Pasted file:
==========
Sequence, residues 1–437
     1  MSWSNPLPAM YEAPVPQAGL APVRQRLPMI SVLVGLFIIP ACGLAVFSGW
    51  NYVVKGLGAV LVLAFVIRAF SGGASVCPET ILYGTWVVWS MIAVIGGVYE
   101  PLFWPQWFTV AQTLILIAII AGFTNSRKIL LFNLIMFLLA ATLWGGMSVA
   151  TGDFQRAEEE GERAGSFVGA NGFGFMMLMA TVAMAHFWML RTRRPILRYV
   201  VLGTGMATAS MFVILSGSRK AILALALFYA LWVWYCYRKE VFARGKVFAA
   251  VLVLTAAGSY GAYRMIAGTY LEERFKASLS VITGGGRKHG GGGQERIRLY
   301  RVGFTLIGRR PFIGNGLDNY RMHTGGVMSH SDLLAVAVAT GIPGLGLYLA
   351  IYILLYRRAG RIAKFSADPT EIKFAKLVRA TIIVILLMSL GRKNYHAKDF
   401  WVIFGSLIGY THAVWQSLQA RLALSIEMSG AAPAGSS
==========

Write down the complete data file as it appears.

Sequence, residues 1–437
     1  MSWSNPLPAM YEAPVPQAGL APVRQRLPMI SVLVGLFIIP ACGLAVFSGW
    51  NYVVKGLGAV LVLAFVIRAF SGGASVCPET ILYGTWVVWS MIAVIGGVYE
   101  PLFWPQWFTV AQTLILIAII AGFTNSRKIL LFNLIMFLLA ATLWGGMSVA
   151  TGDFQRAEEE GERAGSFVGA NGFGFMMLMA TVAMAHFWML RTRRPILRYV
   201  VLGTGMATAS MFVILSGSRK AILALALFYA LWVWYCYRKE VFARGKVFAA
   251  VLVLTAAGSY GAYRMIAGTY LEERFKASLS VITGGGRKHG GGGQERIRLY
   301  RVGFTLIGRR PFIGNGLDNY RMHTGGVMSH SDLLAVAVAT GIPGLGLYLA
   351  IYILLYRRAG RIAKFSADPT EIKFAKLVRA TIIVILLMSL GRKNYHAKDF
   401  WVIFGSLIGY THAVWQSLQA RLALSIEMSG AAPAGSS